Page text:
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TikTok vs. 'let’s talk'

A teenager presents a smartphone with the logo of Chinese social network Tik Tok, on January 21, 2021, in Nantes, western France. | LOIC VENANCE/AFP via Getty Images

There’s something special about a teenager who knows how to carry on a conversation—a real conversation. When a teen knows how to ask good questions, read body language, and respond accordingly, they become unique among their peers. They become a magnet—a light that attracts other teens.

My buddy Dr. Sean McDowell puts it this way:

“Teenagers are longing to be interesting, but the ones who will change world are those who are interested.”

Far too many teenagers strive to put the attention on themselves—doing their best poses in the best light wearing their best clothes, pretending it’s their best day, and finding their worth in the number of likes their posts get.

So when a fellow teenager is interested enough in them to ask questions and listen, walls will come down and defenses will melt like a stick of butter in the summer sun.

Maybe that’s why James reminded us to “be quick to listen and slow to speak” (James 1:19). When teens listen first and speak last, their words carry heft and their willingness to listen is often reciprocated.

“Influencer Redefined"

In this age of Instagram poses and TikTok dances, teenagers who listen first and listen well become the real influencers. Maybe they don’t have as many followers online, but there’s often a line of hurting teenagers waiting to talk to them.

At Dare 2 Share, we’ve developed a simple way for teenagers to get good at asking questions and engaging in Gospel conversations. We call it Ask – Admire – Admit, and it works like this:


First, teenagers ask questions and get to know the other person better. They ask about family, school, sports, and hobbies. And when the time is right, they ask about faith. Questions such as: “Do you go to church anywhere?” or “Is there anything that you need prayer for in your life right now?” or “Is your family religious?” broach the subject and crack the door to a Gospel conversation.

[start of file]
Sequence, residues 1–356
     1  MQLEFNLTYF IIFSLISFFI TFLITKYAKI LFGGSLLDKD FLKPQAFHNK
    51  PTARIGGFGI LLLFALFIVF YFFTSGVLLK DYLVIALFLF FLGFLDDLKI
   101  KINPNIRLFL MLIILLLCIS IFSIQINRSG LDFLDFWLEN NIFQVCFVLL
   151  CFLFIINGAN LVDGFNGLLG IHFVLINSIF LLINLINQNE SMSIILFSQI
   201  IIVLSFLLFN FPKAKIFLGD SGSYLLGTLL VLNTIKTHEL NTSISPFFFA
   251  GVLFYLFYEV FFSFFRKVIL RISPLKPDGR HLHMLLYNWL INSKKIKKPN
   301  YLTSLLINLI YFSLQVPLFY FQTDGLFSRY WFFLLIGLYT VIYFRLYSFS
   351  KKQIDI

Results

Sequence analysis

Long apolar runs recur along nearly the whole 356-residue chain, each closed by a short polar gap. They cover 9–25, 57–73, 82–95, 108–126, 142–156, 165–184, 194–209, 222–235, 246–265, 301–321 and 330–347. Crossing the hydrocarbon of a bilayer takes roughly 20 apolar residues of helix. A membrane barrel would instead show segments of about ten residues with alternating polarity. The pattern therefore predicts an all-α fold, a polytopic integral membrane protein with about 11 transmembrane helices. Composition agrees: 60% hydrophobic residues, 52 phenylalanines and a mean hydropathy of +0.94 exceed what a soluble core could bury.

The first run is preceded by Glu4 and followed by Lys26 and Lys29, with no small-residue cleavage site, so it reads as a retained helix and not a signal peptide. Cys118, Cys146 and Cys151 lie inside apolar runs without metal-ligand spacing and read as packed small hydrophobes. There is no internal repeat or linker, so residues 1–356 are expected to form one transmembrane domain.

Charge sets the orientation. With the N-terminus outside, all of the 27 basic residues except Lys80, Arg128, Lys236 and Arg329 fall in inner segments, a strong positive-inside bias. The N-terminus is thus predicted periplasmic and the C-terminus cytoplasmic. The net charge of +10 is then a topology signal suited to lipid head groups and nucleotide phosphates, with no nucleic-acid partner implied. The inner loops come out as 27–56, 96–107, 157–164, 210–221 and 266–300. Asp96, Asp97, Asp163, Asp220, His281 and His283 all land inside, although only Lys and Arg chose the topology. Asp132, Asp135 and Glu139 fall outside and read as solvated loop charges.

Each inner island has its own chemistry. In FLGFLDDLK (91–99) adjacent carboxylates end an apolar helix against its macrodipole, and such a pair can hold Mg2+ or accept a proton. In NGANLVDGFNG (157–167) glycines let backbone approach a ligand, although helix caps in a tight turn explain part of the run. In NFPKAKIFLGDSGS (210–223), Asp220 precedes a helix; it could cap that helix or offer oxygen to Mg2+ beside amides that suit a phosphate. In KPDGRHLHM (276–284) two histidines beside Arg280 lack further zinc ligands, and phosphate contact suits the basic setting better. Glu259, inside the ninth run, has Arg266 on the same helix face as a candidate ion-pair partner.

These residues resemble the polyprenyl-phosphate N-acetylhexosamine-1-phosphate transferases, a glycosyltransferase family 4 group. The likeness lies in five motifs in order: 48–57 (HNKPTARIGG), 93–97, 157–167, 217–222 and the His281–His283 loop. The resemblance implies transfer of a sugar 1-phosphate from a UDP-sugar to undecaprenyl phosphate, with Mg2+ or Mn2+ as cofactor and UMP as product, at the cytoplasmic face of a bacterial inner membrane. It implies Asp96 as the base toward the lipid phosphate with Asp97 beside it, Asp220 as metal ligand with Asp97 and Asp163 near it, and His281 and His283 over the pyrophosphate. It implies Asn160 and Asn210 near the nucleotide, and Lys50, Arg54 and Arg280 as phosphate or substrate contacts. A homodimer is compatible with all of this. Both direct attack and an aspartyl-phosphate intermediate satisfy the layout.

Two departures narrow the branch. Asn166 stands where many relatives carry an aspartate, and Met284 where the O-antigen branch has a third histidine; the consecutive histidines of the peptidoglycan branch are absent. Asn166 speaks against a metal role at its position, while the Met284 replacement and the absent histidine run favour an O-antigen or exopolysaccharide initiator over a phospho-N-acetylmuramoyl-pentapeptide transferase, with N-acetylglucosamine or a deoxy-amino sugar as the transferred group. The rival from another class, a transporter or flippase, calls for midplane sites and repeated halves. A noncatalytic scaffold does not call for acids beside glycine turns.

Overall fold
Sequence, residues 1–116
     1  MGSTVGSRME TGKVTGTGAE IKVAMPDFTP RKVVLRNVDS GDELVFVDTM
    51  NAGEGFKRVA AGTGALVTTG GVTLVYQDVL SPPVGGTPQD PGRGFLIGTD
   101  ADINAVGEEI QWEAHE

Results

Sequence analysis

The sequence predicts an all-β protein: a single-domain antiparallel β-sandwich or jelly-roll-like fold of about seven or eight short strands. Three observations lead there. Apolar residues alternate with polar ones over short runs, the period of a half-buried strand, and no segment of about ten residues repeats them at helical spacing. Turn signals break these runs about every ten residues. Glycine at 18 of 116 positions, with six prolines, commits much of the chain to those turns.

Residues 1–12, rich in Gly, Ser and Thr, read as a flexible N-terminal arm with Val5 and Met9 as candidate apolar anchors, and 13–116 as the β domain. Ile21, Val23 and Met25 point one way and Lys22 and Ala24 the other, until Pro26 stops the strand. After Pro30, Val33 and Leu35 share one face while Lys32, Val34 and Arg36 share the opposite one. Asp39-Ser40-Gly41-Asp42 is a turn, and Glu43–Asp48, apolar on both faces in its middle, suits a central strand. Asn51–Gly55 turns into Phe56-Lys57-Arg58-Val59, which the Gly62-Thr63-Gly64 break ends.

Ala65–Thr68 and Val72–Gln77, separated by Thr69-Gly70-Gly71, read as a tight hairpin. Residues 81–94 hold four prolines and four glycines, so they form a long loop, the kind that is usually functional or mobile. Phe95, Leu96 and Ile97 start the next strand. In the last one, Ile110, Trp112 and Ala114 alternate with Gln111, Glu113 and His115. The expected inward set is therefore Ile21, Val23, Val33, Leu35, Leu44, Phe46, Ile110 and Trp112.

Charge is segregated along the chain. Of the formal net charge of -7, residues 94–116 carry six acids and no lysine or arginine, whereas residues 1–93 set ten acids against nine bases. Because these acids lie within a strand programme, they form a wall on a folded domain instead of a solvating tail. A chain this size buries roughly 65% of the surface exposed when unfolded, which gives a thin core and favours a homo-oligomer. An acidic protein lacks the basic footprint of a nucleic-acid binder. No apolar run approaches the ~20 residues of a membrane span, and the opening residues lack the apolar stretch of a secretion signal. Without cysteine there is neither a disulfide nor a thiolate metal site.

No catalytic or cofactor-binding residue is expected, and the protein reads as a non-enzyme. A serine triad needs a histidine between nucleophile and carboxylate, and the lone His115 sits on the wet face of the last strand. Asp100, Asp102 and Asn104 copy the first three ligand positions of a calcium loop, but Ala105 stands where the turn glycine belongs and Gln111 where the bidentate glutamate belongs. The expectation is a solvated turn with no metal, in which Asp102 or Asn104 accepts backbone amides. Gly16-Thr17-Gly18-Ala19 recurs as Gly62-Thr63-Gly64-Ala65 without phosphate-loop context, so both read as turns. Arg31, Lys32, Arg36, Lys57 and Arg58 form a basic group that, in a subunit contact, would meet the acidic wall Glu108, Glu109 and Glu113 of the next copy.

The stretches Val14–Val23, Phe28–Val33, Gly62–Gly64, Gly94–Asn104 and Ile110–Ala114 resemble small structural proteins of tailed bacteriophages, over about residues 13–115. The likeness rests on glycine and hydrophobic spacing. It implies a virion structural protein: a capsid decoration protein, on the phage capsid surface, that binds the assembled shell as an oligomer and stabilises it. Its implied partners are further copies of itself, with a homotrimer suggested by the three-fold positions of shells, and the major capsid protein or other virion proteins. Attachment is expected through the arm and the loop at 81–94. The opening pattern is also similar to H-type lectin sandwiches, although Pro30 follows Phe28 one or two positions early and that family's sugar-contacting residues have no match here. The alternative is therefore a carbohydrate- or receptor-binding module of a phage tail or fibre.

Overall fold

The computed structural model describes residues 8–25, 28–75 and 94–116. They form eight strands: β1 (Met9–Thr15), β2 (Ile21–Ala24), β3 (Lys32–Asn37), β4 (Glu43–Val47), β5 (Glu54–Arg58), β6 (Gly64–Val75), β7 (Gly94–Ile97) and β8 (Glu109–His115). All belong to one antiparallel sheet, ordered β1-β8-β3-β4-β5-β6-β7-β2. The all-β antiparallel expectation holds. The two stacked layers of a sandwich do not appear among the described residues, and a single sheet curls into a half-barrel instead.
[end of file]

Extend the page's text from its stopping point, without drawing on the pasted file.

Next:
Once a teenager finds out a bit about their friend’s spiritual temperature and background, they can usually find something to admire about their belief system. Like Paul at the Areopagus in Acts 17 complimenting the philosophers of Mars Hill for being religious, teenagers can follow his lead. Mormons can be admired for their focus on mission. Atheists can be admired for their desire for evidence. Buddhists can be admired for their spiritual perspective of all of life, and so on. For a complete list of different belief systems, including questions teens can ask and things they can admire about each, click here.


Finally, teens can admit their own need of a Savior. Here’s where they share their story of coming to faith in Jesus.

For a free, four-week curriculum that trains teenagers to be interested in others; ask good questions; and clearly, confidently, and compassionately share the Gospel, check out Takeoff to Touchdown: How to Navigate a Gospel Conversation.

Let’s help teens get good not just at TikTok for short-term acclaim but at real talk for eternal gain.

Originally published at Greg Stier.

Greg Stier is the Founder and President of Dare 2 Share Ministries International. He has impacted the lives of tens of thousands of Christian teenagers through Dare 2 Share events, motivating and mobilizing them to reach their generation for Christ. He is the author of eleven books and numerous resources, including Dare 2 Share: A Field Guide for Sharing Your Faith. For more information on Dare 2 Share and their upcoming conference tour and training resources, please visit

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